“Our three primary goals are enormous in scope,” Appel said. “Frankly, we don’t have enough resources in the foundation to fix them by pure grant-making.”

Fairbanks officials say they want the foundation to become known as a “thought leader.”

It’s an approach already followed by another prominent Indianapolis not-for-profit, the Lumina Foundation, whose mission is to make opportunities for learning beyond high school available to all.

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“I think they’re staying focused on their mission,” Lumina CEO Jamie Merisotis said of Fairbanks. “What Claire and the board has set out to do here is to be very deliberate… . We can leverage greater social change by being strategic.”

Lumina Foundation is one of a few private foundations already focused on systemic change. Fairbanks officials say they’re using that organization as an example.

Merisotis said Lumina sets specific goals, such as increasing the proportion of adults with higher-education training to 60 percent by 2025. Those goals then guide its involvement in public policy. Private foundations, like Lumina and Fairbanks, are allowed to provide educational materials and testify about research, but cannot take positions on legislation.

“Of course, grant-making is an important part of what we do,” Merisotis said. “But we think grant-making is not enough.”

He added: “Historically, not many private foundations were engaged in public policy. I think it’s growing, but it’s still not the dominant trend.”

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To get the ball rolling, Fairbanks released research in September that revealed tobacco is costing the state nearly $7 billion a year in health care and lost productivity and opioid addiction is costing Hoosiers more than $1.4 billion a year.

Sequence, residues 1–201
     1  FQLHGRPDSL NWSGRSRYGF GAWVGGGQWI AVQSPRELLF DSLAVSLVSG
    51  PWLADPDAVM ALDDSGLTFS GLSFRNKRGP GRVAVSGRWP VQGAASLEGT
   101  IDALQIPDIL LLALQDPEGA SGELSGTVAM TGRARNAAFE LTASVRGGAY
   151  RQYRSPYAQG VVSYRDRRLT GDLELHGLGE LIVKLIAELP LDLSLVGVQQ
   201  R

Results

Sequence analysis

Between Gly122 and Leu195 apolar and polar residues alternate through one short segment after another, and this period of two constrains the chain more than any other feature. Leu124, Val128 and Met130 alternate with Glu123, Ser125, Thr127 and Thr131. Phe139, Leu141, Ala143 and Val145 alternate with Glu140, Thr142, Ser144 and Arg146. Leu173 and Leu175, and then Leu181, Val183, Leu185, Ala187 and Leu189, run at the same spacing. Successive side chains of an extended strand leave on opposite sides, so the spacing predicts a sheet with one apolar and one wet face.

Fairbanks also hosted a day-long summit with more than 150 attendees to talk about what’s working and what’s not in opioid addiction treatment.

“People seem to be overwhelmed with the problem, and they want to help, but they’re not sure what action they can take,” Vice President of Programs Ellen Quigley said. “It was a great starting point.”

Out of the $6.8 million Fairbanks awarded in grants last year (lower than usual because of high giving in 2013-2015), $1.3 million went to advocacy or research initiatives. Fiddian-Green expects that to increase this year.

It also awarded $600,000 to WFYI-FM 90.1 to hire four employees, launch a new health news bureau, and expand its Side Effects health-related programing.

To support its new strategy, the foundation has added staff. Since Fiddian-Green came aboard, employment has grown from five to nine, and a 10th position likely will be added this year.

Lumina’s Merisotis said private foundations looking to transition into policymaking, like Fairbanks, need to gradually adjust and be transparent about their goals.

For example, he said, Lumina used to focus heavily on student financing, but has since evolved into other areas of higher education.

“I think they could have a significant impact in Indy because they’re targeted, and they’re focused and they’re working with other partners that could leverage change,” Merisotis said. “I’m optimistic they could have a high level of success.”

Collaboration will be key, he said. Fairbanks will need to continue to find ways to bring experts together, similar to the summit it hosted in the fall.

“A lot of times, the best way organizations learn is, they learn from each other,” Merisotis said. “I think that’s really, really important to be a convener.”